"Life is a tightrope, and at the other end is your coffin."
(Morticia Addams to son Puggsley in The Addams Family Musical)
Having had a Facebook page for quite some time now and using it for, well, nothing, I recently decided to step up the activity level and reach out to friends old and new. Heaven only knows what drives someone to make a decision like that - maybe it was seeing how Facebook got Betty White onto Saturday Night Live - but I did. For the past couple of weeks I've been actively making pithy comments on friends' "Status Updates" (which were called random thoughts before computers were invented). I also sought out some old friends.
One of the friends I sought out is a woman I haven't had contact with in 25 years. She responded to my "message" with a "friend request." (It's a Facebook thing.) It gave me a great feeling to reconnect with Maureen. I have a theory that every 16 year old boy meets a certain girl of about the same age and it gets him considering, for the first time, the possibility that baseball might be the second best thing ever invented. For me, this was Maureen. Let me emphasize that, despite my best puppy-dog efforts, nothing of a romantic nature ever came of this first crush (well, second, if you count Miss Wilson, my kindergarten teacher, and third if you count Annette Funicello in reruns). Even at 15 she was too smart for that. We did, happy to say, become friends and stayed in contact for a number of years before life does that thing where it sends people off to different destinies. Today the crush is long gone, and my respect for who Maureen is and what she has done with her life remains great. I am looking forward to getting to know her again. My first post to her "wall" (another Facebook thing) was a note welcoming her to Facebook, and providing a friendly warning not to get involved with Farmville, an abyss to which many go and from which few return.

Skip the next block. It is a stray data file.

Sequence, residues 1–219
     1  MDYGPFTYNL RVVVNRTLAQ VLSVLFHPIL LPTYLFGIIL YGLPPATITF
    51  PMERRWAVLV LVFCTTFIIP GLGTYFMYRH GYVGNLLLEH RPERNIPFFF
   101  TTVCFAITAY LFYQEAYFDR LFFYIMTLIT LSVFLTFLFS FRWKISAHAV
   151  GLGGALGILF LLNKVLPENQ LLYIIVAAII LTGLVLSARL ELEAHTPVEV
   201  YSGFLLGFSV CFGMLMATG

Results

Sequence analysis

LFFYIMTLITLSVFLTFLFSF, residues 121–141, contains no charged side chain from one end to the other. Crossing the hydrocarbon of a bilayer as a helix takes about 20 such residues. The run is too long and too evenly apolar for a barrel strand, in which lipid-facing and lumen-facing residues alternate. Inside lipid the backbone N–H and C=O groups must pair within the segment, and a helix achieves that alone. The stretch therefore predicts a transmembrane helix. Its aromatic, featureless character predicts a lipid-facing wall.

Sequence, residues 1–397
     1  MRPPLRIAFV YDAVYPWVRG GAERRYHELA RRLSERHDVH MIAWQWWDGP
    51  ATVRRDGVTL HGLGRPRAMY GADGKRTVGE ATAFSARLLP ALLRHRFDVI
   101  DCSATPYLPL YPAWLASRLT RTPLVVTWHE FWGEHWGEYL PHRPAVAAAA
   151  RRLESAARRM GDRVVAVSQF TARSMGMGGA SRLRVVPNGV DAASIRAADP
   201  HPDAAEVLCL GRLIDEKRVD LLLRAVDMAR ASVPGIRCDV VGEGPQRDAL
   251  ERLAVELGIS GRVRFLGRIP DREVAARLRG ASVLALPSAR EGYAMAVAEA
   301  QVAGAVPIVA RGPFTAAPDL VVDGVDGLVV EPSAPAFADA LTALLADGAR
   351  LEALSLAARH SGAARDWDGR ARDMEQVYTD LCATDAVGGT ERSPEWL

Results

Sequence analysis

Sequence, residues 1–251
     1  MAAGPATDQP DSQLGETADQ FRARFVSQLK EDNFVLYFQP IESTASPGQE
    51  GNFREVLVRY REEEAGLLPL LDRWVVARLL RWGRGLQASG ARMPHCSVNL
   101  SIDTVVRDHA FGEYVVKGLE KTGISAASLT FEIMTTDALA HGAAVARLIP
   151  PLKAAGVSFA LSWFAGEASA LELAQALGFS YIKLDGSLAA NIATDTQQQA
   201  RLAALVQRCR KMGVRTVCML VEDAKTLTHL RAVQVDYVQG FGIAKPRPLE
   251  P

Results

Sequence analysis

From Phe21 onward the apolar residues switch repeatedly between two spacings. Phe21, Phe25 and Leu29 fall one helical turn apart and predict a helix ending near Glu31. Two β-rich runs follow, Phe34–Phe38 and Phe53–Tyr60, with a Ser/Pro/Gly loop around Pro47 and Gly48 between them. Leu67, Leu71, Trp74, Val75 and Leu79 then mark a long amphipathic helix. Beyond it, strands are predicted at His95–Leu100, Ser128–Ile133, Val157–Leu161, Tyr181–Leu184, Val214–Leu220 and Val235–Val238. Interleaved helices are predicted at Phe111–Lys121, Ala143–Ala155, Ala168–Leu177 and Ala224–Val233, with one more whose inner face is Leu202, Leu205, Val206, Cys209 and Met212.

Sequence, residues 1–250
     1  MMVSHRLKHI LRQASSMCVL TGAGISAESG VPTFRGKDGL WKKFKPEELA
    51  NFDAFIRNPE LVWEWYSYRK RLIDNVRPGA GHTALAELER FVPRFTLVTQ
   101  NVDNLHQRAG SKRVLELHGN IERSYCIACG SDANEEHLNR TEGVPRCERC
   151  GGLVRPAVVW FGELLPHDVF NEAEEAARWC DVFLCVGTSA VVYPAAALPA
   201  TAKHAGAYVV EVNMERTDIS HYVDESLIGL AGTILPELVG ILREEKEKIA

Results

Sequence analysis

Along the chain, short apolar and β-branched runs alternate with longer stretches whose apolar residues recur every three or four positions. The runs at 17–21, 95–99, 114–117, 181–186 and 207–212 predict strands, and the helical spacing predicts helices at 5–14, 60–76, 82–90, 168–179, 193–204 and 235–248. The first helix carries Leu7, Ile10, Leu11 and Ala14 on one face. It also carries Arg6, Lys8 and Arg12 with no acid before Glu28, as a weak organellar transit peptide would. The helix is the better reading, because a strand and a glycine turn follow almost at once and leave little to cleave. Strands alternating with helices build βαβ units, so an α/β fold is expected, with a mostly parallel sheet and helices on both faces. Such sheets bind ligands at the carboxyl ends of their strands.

At about the same time I reached out to another old friend, this one from my days on Prodigy in the early-to-mid 90's. (For younger readers, think of Prodigy as the internet version of 8-track tapes.) It had been about 15 years since I'd had contact with Anne. A paralegal and freelance writer, she was wickedly funny and totally delightful. Her life was not smooth but she never failed to impress with the upbeat energy and humorous, indomitable spirit with which she handled it all. As with Maureen, time and distance never kept Anne from remaining one of my favorite people. To this day, her picture - smiling with her eyes as much as with her mouth, and flanked by her two adorable then-toddler daughters - hangs on the wall in my home office. Over the years, I sometimes found myself wondering how she is. And so, armed with the Internet, I was now able to set out to find her Facebook page or e-mail address.
What I found was her obituary.
It was from about a year ago, and was accompanied by another, more recent picture at age 42. Her smile was still as room-illuminating as it was in the picture she'd sent me all those years ago. I read some blog entries she'd written in the months before her death. She'd fallen on seriously hard times of several types. I don't know the cause of her death, and there's a good chance I never will, but the lack of any reference to an illness even as recently as her last post a month before she died got me thinking. So I read more. Several months before, at a time when her own house was being foreclosed on, she'd written a blog post about a study she'd seen linking a rise in foreclosure rates to a rise in suicide rates. And I read comments posted to her blog after she died by people she was close to: one writer said he wished he'd listened more to what she had been trying to tell him; another expressed regret at not being there more for her; a third wishing Anne's soul the peace it never found on earth. There's no escaping the thought that these are not things people would typically say when someone's death was accidental or natural.
It's human nature - at least I think it is - to start thinking that had I only reached out a month before her death instead of a year afterward, I might have been able to say something, do something, suggest something, that would have made a difference for Anne and prevented this from happening. It's an ego-driven, fantasy-based notion that's complete nonsense, of course, something that is probably true of most things that can be ascribed purely to human nature. But I find I think it anyway.
And so, in a single, mighty cosmic sweep, one valued soul is returned to my life and another is taken from it forever. There's a lesson in there somewhere, and as soon as the irony stops shouting, maybe I'll figure out what it is.